The complaint also escalates two serious concerns previously raised against the IAS-accredited certification bodies AQC Middle East FZE and ACS W3 Solutionz. The two CBs were reported through Oxebridge’s ISO Whistleblower Program as having quoted dramatically low prices for a simultaneous ISO 9001, ISO 14001 and ISO 45001 integrated management system certification. When Oxebridge analyzed the quotes, it found that the CBs had violated the “minimum audit duration” rules codified in IAF Mandatory Document #5 (MD5). That document dictates the length of audits based on employee count and other factors, and the IAS-accredited CBs appear to have ignored these rules in order to assure a low price.
In one case, a CB quoted the same price for a two-stage initial certification audit as they did for a subsequent one-stage surveillance audit. MD5 indicates that surveillance audits are to be calculated at approximately 1/3 the duration of the initial audit, so having an initial audit and surveillance audit reflect the same price is mathematically impossible unless the initial audit was artificially reduced.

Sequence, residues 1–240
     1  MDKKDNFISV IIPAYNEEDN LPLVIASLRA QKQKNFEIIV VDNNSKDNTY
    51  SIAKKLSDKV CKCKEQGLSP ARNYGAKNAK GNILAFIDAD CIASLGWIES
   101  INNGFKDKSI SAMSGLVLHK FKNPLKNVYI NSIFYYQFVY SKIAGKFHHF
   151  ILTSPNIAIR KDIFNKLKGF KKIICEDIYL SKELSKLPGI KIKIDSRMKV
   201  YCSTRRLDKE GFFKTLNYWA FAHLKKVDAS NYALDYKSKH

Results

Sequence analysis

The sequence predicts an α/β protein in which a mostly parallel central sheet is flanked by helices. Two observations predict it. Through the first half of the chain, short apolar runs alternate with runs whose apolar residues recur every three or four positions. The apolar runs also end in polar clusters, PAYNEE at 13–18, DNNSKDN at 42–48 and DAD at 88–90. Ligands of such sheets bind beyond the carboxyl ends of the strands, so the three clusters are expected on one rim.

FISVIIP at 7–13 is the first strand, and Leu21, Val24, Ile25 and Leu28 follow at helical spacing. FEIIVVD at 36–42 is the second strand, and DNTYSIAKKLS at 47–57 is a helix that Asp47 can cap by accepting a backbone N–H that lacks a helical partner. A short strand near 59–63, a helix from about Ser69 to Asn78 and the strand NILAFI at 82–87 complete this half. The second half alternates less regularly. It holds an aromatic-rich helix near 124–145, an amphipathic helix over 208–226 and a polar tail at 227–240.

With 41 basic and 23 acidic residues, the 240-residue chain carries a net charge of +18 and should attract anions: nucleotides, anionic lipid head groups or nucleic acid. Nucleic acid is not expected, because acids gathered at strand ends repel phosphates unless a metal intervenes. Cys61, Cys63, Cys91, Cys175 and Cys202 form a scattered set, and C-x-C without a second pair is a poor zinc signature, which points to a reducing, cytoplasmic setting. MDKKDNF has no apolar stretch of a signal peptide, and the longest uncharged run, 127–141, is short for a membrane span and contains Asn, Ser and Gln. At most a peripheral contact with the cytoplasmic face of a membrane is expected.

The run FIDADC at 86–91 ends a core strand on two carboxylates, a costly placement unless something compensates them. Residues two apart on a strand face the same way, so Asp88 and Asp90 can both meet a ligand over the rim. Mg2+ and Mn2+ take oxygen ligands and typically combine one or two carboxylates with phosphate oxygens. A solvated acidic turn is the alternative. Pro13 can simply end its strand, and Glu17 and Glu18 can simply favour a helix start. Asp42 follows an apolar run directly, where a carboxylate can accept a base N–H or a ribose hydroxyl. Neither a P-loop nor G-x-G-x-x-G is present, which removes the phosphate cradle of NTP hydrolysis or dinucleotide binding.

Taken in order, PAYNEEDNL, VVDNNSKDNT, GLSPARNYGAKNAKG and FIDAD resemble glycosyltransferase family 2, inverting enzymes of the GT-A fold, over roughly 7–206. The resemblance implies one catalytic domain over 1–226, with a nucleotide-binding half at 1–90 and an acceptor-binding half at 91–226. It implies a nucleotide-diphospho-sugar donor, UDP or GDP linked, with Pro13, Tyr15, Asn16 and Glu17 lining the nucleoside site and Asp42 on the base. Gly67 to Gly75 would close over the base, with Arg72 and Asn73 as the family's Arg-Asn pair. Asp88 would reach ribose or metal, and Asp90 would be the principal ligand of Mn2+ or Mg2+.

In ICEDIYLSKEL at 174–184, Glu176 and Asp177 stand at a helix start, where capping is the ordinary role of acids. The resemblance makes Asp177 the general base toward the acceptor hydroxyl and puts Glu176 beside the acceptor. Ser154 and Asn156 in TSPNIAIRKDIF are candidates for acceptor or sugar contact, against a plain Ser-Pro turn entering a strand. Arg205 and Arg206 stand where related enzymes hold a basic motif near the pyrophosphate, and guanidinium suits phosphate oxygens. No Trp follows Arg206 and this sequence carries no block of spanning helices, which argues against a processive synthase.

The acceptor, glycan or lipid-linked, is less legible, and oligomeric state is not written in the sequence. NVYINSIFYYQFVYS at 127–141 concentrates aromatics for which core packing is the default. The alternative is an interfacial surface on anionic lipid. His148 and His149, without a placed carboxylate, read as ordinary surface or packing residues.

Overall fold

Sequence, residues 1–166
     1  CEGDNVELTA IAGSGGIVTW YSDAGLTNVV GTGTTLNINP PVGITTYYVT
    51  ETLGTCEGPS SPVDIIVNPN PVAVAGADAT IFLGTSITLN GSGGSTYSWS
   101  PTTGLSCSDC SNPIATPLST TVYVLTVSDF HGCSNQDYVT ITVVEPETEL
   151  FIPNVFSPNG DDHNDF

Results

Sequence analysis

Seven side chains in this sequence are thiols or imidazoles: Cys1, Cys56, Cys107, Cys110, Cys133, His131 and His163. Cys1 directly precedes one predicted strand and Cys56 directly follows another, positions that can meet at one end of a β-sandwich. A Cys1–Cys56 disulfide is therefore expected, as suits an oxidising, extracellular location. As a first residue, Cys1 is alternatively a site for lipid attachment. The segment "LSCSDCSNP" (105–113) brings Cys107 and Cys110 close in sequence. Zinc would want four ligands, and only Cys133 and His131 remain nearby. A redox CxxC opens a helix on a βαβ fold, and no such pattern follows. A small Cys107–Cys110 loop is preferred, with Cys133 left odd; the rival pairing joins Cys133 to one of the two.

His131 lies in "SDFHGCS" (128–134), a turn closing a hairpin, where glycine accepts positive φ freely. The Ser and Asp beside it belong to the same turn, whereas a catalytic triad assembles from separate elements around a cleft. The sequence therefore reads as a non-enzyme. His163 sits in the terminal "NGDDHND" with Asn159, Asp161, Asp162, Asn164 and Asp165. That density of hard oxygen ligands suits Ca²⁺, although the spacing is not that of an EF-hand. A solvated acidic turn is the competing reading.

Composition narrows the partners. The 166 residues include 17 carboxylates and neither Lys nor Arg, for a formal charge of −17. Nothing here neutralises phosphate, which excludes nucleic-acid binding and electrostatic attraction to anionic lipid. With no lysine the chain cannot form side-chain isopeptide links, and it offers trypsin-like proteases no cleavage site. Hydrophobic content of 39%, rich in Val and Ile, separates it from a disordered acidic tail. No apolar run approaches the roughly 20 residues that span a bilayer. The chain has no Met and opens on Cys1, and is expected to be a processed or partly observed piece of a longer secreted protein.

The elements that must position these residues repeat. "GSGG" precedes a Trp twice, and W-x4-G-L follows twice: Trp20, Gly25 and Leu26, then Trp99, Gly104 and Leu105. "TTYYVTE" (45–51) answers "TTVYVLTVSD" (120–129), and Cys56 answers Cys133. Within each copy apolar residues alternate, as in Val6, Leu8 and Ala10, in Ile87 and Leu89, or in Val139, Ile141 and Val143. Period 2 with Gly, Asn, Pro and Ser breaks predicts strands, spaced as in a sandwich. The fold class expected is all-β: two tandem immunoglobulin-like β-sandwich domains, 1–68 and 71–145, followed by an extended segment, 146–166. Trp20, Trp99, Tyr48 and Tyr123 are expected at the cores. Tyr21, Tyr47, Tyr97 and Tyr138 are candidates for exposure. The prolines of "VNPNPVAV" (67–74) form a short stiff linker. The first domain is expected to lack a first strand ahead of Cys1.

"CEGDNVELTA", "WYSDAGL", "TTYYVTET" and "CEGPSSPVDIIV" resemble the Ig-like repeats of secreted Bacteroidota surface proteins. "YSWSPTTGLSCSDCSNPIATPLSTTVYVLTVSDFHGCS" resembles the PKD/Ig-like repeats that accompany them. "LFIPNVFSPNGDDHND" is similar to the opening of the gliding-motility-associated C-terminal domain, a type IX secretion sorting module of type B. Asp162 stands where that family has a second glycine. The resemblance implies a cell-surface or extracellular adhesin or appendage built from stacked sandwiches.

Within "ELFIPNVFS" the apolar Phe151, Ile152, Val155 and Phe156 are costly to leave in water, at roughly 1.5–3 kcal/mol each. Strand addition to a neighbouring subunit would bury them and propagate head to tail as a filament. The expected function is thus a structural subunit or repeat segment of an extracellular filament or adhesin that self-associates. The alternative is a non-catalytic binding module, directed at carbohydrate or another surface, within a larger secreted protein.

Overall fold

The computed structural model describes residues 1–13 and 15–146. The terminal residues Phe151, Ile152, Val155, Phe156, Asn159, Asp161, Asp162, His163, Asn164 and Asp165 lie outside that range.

In another case, a CB responded to Oxebridge’s complaints by attaching a confidential application form submitted by their client in order to bolster their defense. That resulted in the CB violating additional requirements set forth in ISO 17021-1 requiring that CBs ensure the confidentiality of client information.
Both CBs responded to Oxebridge by denying the complaints, making the unusual argument that CBs cannot violate ISO 17021-1 or IAF MD5 during quoting, since at that point no contract has been signed nor any certificate issued. Oxebridge then escalated both complaints to IAS for adjudication by their accreditation body.
IAS Adopts Identical Ruling